The best of EcoWatch, right in your inbox. Sign up for our email newsletter!
Decision to Ban Tar Sands in Europe Ends in Stalemate
A meeting on Feb. 23 of European Union (EU) country representatives to decide on an effective ban of climate-wrecking fuels, such as those produced from tar sands, has ended in stalemate, said Greenpeace. The decision to implement the EU’s fuel quality directive and its agreed objective of cutting carbon emissions from fuels by 6 percent by 2020 now lies with European environment ministers, who are expected to vote on the matter in June.
The issue has been the subject of a furious back-room lobby offensive by the government of Canada, backed by global oil companies, which are set to profit from environmentally destructive tar sands extraction. Canada sits on what is probably the world’s third biggest oil reserve, but most of it is locked up in tar sands.
Tar sands oil produces 23 percent more climate emissions than conventional fuels, Stanford University found in a report for the European Commission.
“Now that the tar sands issue is finally in the hands of publicly accountable ministers, we will see who’s pulling the strings in Europe," said Greenpeace EU transport policy adviser Franziska Achterberg. "The evidence is clear—tar sands are the world’s dirtiest fuels. The decision is even clearer—ministers should stand up to the oil industry and ban them from Europe.”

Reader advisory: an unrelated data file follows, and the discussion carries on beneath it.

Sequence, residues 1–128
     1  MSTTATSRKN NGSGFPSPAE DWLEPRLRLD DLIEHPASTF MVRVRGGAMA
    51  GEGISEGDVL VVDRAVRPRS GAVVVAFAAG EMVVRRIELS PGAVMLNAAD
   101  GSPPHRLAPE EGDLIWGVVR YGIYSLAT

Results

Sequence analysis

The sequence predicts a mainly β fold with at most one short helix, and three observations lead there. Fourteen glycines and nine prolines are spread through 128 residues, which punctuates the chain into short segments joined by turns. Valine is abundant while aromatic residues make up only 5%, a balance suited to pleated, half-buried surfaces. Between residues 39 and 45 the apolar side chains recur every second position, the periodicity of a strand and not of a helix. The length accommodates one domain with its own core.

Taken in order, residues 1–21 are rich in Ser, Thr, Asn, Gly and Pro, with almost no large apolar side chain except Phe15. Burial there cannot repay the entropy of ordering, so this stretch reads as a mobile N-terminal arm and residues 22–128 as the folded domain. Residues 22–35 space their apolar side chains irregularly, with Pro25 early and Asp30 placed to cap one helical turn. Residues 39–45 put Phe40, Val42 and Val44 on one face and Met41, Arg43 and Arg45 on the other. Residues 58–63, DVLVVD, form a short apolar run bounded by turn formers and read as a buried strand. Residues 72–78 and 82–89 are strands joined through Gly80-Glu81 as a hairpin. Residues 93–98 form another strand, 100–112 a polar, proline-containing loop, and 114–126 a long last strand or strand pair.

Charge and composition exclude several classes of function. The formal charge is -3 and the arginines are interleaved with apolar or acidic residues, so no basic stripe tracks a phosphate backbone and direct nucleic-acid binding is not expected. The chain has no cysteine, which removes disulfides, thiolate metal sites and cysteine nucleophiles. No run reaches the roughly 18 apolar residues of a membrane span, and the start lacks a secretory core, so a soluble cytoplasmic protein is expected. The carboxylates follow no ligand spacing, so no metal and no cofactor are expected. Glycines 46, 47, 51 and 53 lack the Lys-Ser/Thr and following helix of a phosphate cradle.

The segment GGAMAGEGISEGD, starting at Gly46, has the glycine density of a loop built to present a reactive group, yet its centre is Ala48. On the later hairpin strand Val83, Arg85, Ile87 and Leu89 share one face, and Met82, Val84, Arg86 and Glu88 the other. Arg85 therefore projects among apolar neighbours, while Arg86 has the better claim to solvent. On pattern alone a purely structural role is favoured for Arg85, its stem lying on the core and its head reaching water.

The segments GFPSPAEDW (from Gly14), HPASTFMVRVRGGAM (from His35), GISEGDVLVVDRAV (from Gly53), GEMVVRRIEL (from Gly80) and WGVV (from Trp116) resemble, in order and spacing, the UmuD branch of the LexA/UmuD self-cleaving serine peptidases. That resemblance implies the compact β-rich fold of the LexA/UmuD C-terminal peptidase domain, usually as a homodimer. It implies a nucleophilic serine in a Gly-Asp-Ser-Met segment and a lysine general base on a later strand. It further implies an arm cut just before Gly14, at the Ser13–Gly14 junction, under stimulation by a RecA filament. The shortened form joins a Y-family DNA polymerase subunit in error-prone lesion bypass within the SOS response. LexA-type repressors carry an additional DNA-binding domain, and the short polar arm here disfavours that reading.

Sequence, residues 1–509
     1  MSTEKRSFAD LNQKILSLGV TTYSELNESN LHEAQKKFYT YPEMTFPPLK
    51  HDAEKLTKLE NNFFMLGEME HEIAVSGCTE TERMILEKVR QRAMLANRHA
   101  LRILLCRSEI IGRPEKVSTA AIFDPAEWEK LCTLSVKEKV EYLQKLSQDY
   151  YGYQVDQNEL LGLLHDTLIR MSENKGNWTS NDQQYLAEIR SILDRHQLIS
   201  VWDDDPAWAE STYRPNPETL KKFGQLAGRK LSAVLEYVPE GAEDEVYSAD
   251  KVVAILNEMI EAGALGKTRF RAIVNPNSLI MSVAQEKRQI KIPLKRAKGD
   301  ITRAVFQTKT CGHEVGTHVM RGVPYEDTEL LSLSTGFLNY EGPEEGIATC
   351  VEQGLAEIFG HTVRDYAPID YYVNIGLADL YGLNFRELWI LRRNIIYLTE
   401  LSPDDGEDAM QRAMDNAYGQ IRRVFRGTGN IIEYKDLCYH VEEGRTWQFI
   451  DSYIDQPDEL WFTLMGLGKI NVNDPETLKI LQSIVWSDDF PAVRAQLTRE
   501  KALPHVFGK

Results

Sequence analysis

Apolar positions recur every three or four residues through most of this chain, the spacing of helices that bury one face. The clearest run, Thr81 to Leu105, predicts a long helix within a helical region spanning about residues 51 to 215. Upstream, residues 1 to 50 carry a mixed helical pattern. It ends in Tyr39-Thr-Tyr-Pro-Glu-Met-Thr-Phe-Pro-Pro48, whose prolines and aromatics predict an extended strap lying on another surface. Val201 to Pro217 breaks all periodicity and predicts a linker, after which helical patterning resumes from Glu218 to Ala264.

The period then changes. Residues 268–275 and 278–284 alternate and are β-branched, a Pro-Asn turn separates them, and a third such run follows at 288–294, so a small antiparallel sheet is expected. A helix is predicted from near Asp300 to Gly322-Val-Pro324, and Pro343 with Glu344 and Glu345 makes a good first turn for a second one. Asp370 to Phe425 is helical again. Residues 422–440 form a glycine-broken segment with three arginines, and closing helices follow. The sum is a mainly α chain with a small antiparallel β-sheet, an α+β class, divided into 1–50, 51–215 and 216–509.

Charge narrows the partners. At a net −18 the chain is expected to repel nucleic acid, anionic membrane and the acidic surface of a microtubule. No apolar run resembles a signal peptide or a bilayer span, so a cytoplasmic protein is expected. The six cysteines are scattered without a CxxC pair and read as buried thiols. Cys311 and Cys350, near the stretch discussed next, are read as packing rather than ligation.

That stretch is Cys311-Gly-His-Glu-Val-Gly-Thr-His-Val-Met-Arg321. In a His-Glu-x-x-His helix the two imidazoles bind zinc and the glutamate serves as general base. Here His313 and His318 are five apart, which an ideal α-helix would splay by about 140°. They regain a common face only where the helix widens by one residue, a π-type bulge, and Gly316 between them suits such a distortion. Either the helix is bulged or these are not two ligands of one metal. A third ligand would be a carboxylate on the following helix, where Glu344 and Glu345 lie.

For more information, click here.
EcoWatch Daily Newsletter
By David R. Montgomery
Would it sound too good to be true if I was to say that there was a simple, profitable and underused agricultural method to help feed everybody, cool the planet, and revitalize rural America? I used to think so, until I started visiting farmers who are restoring fertility to their land, stashing a lot of carbon in their soil, and returning healthy profitability to family farms. Now I've come to see how restoring soil health would prove as good for farmers and rural economies as it would for the environment.
The Centers for Disease Control (CDC) released new numbers that show vaping-related lung illnesses are continuing to grow across the country, as the number of fatalities has climbed to 33 and hospitalizations have reached 1,479 cases, according to a CDC update.
Many claim that a whole-food, plant-based diet easily meets all the daily nutrient requirements.
A new multiyear study found that people living or working within 2,000 feet, or nearly half a mile, of a hydraulic fracturing (fracking) drill site may be at a heightened risk of exposure to benzene and other toxic chemicals, according to research released Thursday by the Colorado Department of Public Health and Environment (CDPHE)